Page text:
The Troubled Families Programme (TFP) is a programme in England administered by the Ministry of Housing, Communities and Local Government (MHCLG). The programme conducts targeted interventions for families experiencing multiple problems, including crime, anti-social behaviour, truancy, unemployment, mental health problems and domestic abuse. This briefing examines the TFP since 2012, details MHCLG evaluations of the programme, and describes recent commentary and potential future directions for the programme.
E-Petition 221033 is entitled “Prevent avoidable deaths by making autism/learning disability training mandatory”. It was started by Paula McGowan who, in the preface, states:
My son Oliver was only 18 when he died in hospital on 11 Nov 2016. I believe his death could have been prevented if his doctors and nurses had received mandatory training. He had autism and a mild learning disability, and they weren’t trained to understand how to make reasonable adjustments for him.).
The petition says the following:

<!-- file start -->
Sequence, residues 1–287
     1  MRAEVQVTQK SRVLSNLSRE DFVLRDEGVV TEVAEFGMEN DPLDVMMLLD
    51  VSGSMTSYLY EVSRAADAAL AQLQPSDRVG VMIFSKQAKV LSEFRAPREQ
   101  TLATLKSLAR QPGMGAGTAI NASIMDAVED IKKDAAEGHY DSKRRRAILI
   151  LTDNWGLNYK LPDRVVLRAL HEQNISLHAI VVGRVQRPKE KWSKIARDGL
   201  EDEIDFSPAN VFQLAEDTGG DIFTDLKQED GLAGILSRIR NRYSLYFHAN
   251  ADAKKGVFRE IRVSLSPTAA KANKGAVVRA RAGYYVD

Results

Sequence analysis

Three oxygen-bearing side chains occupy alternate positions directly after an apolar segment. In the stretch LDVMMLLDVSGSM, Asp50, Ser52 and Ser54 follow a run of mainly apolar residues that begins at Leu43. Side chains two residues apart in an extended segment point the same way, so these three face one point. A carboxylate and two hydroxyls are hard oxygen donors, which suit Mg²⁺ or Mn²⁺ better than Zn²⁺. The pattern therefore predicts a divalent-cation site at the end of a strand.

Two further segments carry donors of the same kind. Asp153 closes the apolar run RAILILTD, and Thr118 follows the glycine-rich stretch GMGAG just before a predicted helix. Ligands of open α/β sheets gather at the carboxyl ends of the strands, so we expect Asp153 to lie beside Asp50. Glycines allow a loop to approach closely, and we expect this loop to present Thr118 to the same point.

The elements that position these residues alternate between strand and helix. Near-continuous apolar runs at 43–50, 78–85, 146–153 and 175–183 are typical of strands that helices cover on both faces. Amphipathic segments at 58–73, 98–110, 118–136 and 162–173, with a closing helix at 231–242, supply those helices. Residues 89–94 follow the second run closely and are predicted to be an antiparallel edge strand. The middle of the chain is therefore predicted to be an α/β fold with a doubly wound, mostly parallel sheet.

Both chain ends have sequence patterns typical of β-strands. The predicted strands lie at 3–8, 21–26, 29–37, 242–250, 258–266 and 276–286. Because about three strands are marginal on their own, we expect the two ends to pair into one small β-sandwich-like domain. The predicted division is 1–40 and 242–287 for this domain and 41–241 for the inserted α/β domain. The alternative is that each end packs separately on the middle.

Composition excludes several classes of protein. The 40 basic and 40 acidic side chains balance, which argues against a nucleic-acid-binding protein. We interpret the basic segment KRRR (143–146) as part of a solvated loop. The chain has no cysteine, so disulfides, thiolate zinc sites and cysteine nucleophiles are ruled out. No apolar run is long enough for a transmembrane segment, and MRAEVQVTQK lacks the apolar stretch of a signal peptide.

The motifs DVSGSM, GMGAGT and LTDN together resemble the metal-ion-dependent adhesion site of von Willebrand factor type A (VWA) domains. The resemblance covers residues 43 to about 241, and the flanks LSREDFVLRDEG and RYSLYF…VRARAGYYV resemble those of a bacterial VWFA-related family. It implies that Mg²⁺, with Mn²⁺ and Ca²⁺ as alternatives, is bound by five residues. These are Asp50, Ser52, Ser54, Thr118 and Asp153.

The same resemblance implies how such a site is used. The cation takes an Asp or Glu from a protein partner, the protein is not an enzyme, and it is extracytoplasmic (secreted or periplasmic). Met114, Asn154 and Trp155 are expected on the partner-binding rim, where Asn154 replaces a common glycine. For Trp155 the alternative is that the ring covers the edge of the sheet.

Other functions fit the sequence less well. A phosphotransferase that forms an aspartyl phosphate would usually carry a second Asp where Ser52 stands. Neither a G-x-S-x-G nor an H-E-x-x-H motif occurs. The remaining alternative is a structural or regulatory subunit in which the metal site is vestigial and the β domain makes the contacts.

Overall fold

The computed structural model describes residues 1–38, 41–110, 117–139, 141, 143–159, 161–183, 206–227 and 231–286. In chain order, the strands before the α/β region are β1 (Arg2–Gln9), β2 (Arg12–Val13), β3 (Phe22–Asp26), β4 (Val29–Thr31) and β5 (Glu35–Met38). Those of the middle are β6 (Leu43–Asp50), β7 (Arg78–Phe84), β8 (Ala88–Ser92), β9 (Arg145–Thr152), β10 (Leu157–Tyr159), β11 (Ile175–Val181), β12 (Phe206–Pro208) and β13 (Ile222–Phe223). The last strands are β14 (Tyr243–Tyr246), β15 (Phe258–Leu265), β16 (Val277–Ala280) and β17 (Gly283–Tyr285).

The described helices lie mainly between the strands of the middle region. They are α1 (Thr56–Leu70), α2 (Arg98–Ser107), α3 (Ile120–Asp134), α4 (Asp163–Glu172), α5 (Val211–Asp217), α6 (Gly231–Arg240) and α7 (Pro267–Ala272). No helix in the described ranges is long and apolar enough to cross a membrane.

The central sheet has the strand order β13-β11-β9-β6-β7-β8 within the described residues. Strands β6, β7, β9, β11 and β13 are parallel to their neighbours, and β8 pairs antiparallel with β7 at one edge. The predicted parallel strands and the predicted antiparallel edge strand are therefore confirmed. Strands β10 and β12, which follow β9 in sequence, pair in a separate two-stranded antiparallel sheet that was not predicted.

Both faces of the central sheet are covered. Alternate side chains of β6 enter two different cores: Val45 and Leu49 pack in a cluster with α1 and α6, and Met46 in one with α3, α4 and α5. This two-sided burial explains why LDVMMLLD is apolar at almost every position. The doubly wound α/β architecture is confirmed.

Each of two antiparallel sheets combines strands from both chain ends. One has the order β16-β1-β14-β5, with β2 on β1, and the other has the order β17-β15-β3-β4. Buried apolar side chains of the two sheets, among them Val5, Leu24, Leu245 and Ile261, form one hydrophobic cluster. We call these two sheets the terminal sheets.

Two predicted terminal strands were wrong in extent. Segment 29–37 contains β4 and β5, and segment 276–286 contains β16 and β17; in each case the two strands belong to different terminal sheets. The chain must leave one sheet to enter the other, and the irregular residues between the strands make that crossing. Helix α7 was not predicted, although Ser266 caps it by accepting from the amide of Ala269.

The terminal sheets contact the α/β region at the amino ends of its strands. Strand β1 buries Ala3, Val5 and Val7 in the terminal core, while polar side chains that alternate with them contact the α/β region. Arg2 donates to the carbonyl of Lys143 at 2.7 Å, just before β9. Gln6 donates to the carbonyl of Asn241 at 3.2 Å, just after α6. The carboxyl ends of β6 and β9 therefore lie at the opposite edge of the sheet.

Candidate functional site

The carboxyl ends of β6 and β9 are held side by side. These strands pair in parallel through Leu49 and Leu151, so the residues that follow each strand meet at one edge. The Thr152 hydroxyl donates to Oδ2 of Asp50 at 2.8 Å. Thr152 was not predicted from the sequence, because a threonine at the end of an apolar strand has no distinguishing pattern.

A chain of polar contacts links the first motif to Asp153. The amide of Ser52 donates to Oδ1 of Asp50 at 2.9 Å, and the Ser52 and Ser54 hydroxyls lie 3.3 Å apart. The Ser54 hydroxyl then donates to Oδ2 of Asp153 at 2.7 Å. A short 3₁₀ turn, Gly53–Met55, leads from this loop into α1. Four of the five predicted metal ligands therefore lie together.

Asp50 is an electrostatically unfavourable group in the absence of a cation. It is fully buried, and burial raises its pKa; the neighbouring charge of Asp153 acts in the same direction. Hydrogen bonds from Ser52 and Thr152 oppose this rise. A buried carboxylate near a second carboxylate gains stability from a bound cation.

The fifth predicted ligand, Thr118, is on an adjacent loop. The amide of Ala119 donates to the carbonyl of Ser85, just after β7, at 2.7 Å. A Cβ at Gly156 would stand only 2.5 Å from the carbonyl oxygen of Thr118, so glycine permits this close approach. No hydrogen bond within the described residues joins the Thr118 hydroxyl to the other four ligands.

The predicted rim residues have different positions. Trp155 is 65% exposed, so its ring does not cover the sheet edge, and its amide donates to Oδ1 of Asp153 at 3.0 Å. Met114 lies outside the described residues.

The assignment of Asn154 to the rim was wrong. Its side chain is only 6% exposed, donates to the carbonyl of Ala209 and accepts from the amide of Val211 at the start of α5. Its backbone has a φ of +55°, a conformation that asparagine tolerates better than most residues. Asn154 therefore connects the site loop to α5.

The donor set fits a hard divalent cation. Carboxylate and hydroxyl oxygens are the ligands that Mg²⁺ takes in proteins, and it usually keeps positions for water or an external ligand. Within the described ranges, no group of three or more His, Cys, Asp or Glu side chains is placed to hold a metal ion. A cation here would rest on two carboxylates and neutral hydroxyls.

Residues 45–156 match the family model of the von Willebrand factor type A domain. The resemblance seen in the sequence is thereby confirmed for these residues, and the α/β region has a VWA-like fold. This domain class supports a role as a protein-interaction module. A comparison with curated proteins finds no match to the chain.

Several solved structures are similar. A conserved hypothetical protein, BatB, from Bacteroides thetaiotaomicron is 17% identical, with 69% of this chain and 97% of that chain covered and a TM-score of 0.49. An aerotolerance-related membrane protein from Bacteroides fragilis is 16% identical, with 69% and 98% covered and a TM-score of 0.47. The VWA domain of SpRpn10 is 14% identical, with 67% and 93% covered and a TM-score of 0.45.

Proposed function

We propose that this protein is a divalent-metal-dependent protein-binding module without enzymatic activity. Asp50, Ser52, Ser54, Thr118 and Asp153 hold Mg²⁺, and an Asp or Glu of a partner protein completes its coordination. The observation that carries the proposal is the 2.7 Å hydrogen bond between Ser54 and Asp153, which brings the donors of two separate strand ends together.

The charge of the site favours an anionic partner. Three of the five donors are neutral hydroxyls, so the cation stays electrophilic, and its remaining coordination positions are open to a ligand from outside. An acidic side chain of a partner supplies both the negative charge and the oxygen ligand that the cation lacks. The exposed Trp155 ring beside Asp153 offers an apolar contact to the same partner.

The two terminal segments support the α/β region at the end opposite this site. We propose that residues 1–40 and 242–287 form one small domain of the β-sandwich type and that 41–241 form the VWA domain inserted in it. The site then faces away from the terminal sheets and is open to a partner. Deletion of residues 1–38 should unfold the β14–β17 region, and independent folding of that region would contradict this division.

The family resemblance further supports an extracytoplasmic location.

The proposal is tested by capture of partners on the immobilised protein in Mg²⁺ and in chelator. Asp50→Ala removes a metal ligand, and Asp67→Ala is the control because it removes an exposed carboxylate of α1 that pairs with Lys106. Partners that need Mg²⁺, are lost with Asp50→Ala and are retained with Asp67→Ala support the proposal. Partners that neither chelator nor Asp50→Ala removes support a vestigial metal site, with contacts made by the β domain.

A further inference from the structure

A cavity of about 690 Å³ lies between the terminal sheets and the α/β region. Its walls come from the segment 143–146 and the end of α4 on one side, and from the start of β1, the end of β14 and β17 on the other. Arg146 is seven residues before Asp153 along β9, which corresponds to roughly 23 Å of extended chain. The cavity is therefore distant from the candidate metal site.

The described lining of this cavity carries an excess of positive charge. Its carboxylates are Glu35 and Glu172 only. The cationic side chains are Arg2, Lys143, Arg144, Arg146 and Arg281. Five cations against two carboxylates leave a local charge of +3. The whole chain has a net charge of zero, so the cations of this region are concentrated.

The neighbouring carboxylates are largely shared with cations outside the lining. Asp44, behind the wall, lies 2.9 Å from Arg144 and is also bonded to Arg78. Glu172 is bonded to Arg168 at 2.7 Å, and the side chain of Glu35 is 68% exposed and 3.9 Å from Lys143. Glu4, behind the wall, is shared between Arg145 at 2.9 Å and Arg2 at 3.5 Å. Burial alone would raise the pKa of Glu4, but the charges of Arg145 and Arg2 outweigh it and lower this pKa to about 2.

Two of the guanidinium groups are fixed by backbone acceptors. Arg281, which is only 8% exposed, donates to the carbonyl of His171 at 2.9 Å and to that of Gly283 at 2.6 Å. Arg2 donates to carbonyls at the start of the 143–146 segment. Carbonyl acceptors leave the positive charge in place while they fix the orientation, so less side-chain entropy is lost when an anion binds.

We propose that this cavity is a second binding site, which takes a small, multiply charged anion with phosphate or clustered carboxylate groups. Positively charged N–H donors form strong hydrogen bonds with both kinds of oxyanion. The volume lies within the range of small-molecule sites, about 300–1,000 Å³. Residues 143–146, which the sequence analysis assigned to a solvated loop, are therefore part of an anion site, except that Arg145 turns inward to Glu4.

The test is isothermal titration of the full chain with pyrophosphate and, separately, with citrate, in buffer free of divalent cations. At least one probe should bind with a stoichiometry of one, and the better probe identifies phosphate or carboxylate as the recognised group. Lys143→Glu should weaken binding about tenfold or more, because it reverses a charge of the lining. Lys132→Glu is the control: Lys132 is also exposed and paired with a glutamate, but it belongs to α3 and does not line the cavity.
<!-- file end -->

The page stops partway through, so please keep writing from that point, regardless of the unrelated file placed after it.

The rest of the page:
1 in 4 healthcare professionals has never had training on learning disability or autism. This is unacceptable. Two thirds want more training, and 1 in 3 think a lack of government leadership is contributing to the problem of avoidable deaths. The Government must ensure all healthcare professionals get mandatory training to address the huge health inequalities facing people with autism and a learning disability. For more information search for: LeDeR report 2018; CIPOLD 2013; Treat me well 2018.
The Government’s response
The Government responded on 25 July and said the following:
We want all staff to receive the support, training and professional development they need to support people with learning disabilities and autism, in line with employers’ existing responsibilities.
Our deepest sympathies are with Oliver’s family for their loss.
Everyone has the right to high quality, safe health care so it is crucial that all health workers are given the skills and education to confidently deliver care that meets the needs of all their patients. This is a priority for the Government.
All employers have a clear legal responsibility to make sure that staff are competent to perform their role as set out in the Health and Social Care Act 2008 (Regulated Activities) Regulation 2014; regulation 18.